• U.S. ally India will join China, Russia, and Belarus for joint military exercises. India’s participation highlights the delicate balance countries are playing not to align with major power blocs. Its decision to play both sides isn’t without precedence. India was one of the founding members of the nonalignment movement during the cold war. The U.S. has recently turned a blind eye to India’s buying of Russian fuel and weapons. However, it isn’t clear if they will continue to do so indefinitely. The U.S. has built closer ties with India as a way to isolate China in the Indo-Pacific region. If it turns out that India is cozying up to China, the U.S. could back away and look for an alternative country to challenge China’s dominance within the region.
    • India has been a significant foreign direct investment target over the last two years. Firms have relocated manufacturing and service operations to the country due to its vast labor market and relatively low costs. If India’s relationship with the U.S. begins to sour, it could force firms to change tactics and look elsewhere.
  • The U.S. continues to annoy China with its flirtation with Taiwanese recognition. The White House plans to hold trade discussions with Taiwan in the fall of this year. The talks have angered China, which views the gesture as another attempt to undermine its sovereign claim over the self-governing island. Although the negotiations are unlikely to lead to conflict, they may pave the way for further escalation. Hence, the possibility of a direct confrontation between the two major powers remains elevated. Firms with considerable revenue exposure or deep supply chains within China or Taiwan may be at risk.
    • Despite the dangers, European firms are still investing in China. Financial inflows from Europe increased 15% in the first half of  2022 compared to a year earlier. The increased investment suggests that firms are prioritizing short-term gains over long-term security.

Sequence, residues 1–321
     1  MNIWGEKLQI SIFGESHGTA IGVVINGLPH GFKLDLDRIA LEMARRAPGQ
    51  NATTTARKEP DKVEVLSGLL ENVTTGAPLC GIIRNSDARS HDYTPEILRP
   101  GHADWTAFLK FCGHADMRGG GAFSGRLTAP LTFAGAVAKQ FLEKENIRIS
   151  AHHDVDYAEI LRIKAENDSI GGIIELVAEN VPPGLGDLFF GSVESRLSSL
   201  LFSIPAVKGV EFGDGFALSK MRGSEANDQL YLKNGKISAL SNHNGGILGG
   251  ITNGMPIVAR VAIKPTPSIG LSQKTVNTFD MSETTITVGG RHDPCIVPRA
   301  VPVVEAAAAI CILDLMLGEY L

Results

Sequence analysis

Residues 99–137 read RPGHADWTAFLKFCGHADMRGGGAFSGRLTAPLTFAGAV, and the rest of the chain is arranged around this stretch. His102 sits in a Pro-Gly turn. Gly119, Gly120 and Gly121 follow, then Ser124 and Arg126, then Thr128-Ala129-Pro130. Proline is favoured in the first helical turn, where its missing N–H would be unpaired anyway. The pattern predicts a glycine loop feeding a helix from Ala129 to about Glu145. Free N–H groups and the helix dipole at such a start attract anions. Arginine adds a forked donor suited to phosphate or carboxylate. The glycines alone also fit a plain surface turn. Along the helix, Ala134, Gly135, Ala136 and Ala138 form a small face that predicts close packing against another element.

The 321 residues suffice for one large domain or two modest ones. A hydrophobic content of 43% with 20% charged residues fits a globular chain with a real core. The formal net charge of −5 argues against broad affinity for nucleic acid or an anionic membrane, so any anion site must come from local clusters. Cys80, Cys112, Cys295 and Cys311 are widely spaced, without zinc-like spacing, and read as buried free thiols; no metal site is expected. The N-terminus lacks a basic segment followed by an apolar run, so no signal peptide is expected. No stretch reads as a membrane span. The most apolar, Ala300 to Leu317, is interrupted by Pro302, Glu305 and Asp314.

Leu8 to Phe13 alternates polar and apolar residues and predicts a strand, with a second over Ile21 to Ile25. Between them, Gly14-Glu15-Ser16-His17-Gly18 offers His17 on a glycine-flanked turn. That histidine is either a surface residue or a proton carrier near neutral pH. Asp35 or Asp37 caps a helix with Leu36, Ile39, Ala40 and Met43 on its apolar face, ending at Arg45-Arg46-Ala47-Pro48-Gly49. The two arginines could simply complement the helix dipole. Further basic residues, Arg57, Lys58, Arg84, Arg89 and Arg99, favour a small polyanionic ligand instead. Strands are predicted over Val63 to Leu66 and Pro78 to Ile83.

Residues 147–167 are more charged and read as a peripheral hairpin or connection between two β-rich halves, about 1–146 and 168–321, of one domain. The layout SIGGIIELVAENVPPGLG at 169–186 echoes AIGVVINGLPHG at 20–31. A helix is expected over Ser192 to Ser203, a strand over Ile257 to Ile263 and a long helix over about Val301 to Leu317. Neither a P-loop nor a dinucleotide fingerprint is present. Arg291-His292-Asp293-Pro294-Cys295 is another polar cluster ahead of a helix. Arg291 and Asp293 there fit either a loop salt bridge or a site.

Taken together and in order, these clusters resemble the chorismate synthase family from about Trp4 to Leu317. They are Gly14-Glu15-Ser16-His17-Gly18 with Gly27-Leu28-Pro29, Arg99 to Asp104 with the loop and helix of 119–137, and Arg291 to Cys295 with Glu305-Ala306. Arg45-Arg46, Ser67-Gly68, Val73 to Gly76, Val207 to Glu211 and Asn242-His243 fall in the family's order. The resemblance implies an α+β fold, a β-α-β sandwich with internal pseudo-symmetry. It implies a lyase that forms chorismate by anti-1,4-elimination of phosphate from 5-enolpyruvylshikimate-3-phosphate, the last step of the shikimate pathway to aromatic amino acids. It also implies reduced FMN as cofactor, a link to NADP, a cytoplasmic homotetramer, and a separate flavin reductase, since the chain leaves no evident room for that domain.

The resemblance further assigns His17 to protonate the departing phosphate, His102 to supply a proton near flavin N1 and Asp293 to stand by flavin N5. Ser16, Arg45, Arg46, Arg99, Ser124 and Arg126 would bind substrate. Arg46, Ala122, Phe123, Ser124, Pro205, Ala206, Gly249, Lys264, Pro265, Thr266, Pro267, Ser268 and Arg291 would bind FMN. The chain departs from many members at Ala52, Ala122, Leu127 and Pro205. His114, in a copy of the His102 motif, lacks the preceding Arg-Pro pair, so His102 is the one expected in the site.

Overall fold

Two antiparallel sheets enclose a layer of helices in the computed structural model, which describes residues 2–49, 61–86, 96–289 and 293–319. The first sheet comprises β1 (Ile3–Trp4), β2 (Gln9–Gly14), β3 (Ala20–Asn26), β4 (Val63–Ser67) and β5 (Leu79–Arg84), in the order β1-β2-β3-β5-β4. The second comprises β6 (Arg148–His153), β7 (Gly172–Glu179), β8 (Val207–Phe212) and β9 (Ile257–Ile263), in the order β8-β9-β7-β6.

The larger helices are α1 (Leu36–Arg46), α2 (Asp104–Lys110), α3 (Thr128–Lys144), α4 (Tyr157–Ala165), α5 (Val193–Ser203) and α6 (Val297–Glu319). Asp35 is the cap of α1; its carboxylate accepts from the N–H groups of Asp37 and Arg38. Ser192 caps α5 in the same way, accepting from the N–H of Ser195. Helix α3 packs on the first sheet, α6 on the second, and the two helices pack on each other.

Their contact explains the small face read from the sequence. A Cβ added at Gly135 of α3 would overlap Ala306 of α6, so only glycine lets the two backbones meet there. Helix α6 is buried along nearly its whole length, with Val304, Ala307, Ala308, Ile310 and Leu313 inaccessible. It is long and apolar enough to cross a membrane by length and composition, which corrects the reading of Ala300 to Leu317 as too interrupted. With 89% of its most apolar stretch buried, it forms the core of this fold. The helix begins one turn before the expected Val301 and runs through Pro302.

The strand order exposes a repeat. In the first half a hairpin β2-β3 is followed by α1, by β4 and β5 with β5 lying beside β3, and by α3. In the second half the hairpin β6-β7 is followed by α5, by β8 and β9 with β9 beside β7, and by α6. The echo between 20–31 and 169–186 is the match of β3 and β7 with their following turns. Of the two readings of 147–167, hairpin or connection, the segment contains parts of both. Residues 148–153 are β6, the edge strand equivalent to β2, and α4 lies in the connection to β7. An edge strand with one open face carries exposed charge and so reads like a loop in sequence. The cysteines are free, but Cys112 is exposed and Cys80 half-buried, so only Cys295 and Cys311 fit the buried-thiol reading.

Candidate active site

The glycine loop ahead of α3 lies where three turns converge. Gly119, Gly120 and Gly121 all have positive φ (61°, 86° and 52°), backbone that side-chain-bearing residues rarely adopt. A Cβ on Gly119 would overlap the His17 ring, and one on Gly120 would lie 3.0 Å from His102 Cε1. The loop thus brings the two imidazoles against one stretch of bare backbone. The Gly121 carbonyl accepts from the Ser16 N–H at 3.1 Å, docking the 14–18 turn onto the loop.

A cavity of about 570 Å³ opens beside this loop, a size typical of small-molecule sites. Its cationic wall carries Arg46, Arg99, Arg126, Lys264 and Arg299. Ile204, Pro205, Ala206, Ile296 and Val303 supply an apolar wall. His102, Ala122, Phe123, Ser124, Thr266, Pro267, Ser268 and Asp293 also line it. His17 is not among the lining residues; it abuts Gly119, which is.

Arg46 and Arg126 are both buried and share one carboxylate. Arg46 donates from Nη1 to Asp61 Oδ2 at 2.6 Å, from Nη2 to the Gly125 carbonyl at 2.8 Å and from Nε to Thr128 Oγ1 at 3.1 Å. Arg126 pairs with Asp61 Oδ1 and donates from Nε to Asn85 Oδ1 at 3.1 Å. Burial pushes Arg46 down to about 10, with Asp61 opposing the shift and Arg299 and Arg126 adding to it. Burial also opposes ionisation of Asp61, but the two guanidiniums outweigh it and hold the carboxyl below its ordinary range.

• Internal rivalries within the Western military alliance threaten the group’s commitment to supporting Ukraine. To the annoyance of Ankara, Greece has played a central role in the U.S.’s ability to transport weapons to the Ukrainians. The Mediterranean nations have a long and heated rivalry, including conflict over Cyprus and other territorial disputes. Turkey fears its ties with the U.S. are threatened by Greece’s growing importance in the war. The growing closeness between the U.S. and Greece can partially explain why Turkey has built closer economic relations with Russia. The breakdown of the Western alliance will likely make it harder for Ukraine to maintain its war efforts and could pave the way for the war’s conclusion. Any end to the conflict will be taken positively by markets.

The reshuffling of allies is not unusual during times of war. During World War II, Italy notoriously declared war on its former Axis partner Germany. Therefore, as regional blocs start to form, we do expect that certain countries could decide to switch sides or choose to fly solo. Over the last few weeks, we have been paying close attention to the European Union. Although it has historical and economic ties with the U.S., its reliance on Russian energy and its exposure to China shows its interests are not fully aligned with its American counterparts. We are not predicting a break of ties but rather that the two regions may push for separate aims. If we are correct, the lack of foreign policy cohesion between the U.S. and Europe could severely complicate firms’ ability to operate in different countries.